Were those words lip service? No. By August 1917, ten thousand American soldiers were arriving every day. Congress passed the Selective Service Act, drafting 2.8 million men into the army. All told, over 4.7 million American service members were mobilized, more than the combined forces in the US Civil War. By the end of WWI, close to two million “dough boys” had been sent to Europe.
American soldiers distinguished themselves in countless battles, none more telling than that of Belleau Wood. “Retreat, hell! We just got here,” snapped Marine Corps Capt. Williams. “C’mon you sons-of-bitches, do you want to live forever?” shouted Gunnery Sgt Daley. The German infantry called the Americans “Teufelshunde”, or “devil dogs” as they fell back in disorderly retreat despite the heavy casualties they inflicted on the Americans.
US Ambassador to France Jamie McCourt and AARO Board Member and ex-Marine Patrick Morrissey attended the centennial ceremonies of this battle earlier this year. (Permit me this aside: in 1944 an American aircraft carrier, named Belleau Wood in honor of that battle, was hit by a Japanese kamikazi plane, causing fires which set off ammunition. 92 sailors either died or were missing, and many others suffered horrible injuries. My grandfather was the chief doctor on board.)
Over one hundred thousand American soldiers died on foreign soil in WWI and a further two hundred thousand were wounded. Was such sacrifice worth it?
I posit a positive answer, because, with all due respect to the enormous fight put up by Great Britain and France, the two surviving members of the “Triple Entente” (Russia having collapsed into civil war in 1917), the intervention of the USA in WWI was decisive for the victory. Not only was the American assistance massive, it came at a time when the outcome of the war was still anyone’s guess.
Consider this: in the spring of 1918 the Germans and their allies were still on the offensive. Their new super cannon, the “Paris Gun,” also known as “Big Bertha,” was able to shoot projectiles over 40 km (25 miles) high into the stratosphere — mankind’s first venture there — thus minimizing air resistance, with the result being a range of over 130 km (80 miles).
Lacking enough accuracy to strike a military target, the Germans took aim at Notre Dame Cathedral. The gun failed to hit that too, but for a month twenty shells a day rained down on Paris, one hitting another church filled with people celebrating Good Friday mass, killing 91 and wounding 68. Such a blatant attack on civilians was unusual in WWI — a sad contrast to WWII, not to mention our current war against “terrorism.” The end of another grand illusion, that of war with honor.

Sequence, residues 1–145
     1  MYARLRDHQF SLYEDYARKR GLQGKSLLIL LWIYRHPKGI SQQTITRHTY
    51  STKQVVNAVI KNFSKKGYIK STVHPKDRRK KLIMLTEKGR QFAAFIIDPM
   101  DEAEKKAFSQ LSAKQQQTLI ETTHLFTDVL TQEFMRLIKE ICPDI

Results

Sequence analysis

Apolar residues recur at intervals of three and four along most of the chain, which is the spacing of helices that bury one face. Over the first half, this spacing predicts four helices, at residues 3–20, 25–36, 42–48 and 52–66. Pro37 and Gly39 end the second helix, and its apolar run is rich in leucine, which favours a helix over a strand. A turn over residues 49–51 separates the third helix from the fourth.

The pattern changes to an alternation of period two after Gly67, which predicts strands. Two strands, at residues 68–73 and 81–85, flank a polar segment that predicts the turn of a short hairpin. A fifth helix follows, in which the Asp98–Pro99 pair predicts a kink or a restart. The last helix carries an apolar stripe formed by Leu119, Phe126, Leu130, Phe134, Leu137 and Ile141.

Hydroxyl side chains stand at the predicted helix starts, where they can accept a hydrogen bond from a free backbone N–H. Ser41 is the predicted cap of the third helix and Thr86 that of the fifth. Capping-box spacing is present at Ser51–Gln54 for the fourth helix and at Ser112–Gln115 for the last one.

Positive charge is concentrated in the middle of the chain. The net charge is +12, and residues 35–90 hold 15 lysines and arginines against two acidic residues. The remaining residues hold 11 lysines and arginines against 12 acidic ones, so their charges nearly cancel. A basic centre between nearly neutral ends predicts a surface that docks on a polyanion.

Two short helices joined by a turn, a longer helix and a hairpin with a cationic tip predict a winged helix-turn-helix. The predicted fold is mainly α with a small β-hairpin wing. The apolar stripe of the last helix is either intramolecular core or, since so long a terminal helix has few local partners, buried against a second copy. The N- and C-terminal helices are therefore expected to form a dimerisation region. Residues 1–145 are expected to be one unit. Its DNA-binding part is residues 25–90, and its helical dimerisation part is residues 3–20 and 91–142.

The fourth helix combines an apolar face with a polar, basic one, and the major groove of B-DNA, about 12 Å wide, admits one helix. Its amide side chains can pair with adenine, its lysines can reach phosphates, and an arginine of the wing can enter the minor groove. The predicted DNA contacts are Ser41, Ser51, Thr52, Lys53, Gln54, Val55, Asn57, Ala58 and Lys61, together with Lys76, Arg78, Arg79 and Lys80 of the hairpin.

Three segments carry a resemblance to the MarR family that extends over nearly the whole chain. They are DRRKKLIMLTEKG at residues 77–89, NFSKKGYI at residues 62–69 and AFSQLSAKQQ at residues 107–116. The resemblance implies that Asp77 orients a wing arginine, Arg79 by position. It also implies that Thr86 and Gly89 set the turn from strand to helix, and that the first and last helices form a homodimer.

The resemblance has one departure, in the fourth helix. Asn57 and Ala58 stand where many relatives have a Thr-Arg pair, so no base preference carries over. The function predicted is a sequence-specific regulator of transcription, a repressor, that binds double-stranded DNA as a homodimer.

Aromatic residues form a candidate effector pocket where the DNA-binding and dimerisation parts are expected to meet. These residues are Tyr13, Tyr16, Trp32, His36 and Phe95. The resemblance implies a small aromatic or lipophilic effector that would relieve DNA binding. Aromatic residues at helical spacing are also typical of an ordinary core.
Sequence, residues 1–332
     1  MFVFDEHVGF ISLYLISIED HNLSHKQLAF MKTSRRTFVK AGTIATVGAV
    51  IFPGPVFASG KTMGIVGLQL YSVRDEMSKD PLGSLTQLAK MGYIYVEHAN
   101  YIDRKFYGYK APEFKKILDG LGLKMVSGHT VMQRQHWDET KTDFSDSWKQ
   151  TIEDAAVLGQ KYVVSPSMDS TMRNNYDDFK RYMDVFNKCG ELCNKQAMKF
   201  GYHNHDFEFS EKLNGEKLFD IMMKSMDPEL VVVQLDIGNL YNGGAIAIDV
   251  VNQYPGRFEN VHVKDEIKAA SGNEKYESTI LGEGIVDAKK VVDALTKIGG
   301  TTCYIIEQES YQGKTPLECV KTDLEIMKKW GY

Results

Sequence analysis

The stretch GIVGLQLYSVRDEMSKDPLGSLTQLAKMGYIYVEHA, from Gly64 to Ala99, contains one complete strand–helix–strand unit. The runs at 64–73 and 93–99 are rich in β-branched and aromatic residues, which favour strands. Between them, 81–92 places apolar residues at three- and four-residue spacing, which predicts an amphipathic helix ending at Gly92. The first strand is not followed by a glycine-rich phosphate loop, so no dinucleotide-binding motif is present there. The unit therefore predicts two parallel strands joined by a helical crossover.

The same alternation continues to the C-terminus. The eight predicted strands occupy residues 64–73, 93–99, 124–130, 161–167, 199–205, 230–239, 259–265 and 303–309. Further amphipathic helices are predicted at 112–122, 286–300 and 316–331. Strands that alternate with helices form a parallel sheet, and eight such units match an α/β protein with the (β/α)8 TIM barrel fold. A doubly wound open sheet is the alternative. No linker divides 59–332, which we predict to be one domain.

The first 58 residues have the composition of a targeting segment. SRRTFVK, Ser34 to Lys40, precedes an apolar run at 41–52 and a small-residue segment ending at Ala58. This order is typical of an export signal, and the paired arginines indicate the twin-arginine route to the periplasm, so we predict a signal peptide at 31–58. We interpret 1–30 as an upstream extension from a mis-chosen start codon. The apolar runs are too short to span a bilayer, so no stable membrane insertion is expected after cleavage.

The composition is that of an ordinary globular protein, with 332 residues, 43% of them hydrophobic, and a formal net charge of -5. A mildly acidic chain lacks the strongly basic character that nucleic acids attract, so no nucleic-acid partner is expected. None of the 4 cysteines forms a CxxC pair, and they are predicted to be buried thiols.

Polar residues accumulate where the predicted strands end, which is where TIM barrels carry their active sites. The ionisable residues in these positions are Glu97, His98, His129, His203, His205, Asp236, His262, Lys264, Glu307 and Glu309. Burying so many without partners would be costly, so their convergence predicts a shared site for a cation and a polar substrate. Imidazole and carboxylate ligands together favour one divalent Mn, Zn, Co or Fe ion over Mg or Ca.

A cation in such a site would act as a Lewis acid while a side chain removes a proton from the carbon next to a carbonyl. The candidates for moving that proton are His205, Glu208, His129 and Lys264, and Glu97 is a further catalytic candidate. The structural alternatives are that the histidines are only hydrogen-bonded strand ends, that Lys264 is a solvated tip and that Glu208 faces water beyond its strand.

While the French will no doubt heap praise upon the Americans at this year’s centennial ceremony, it would surprise me if they gave America credit for winning WWI. This is understandable. It was their nationhood at stake, not ours. For better or worse, human beings still cluster around their nations, seemingly more so with each passing election. No nation likes to concede that another saved it.
Hesitate before you snigger at the French, because the intervention of the French during the American Revolutionary War was also decisive for the victory, a story rarely told in American classrooms. We have all heard of Lafayette, the French military officer who fell in love with the cause of freedom and joined Washington in 1777 at the age of 19. His equestrian statue stares straight into the White House from the center of the eponymous square in Washington.
Straight and center for good reason: Did you know that in 1781, at the pivotal battle of Yorktown (Virginia), the siege which broke the British army and drove King George III to the treaty table, French warships were busy engaging British ones in Chesapeake Bay, there being no American navy?
Meanwhile, on the ground, there were nearly as many French troops (7,800) as there were troops in Washington’s Continental Army (8,000). Draw your own conclusions as to which soldiers were better trained and equipped; what mattered most was how well they fought together. Subtract the French support and British General Cornwallis might never have surrendered.
We Americans owe a lot to the French, and they owe a lot to us. So, on this special Armistice Day, let’s tip our hats and raise our glasses to all nations that cooperate for the shared values of freedom, democracy, and the rule of law.
And let us pray that someday there really will be an end to all wars.
This article was contributed by AARO President Neil Kearney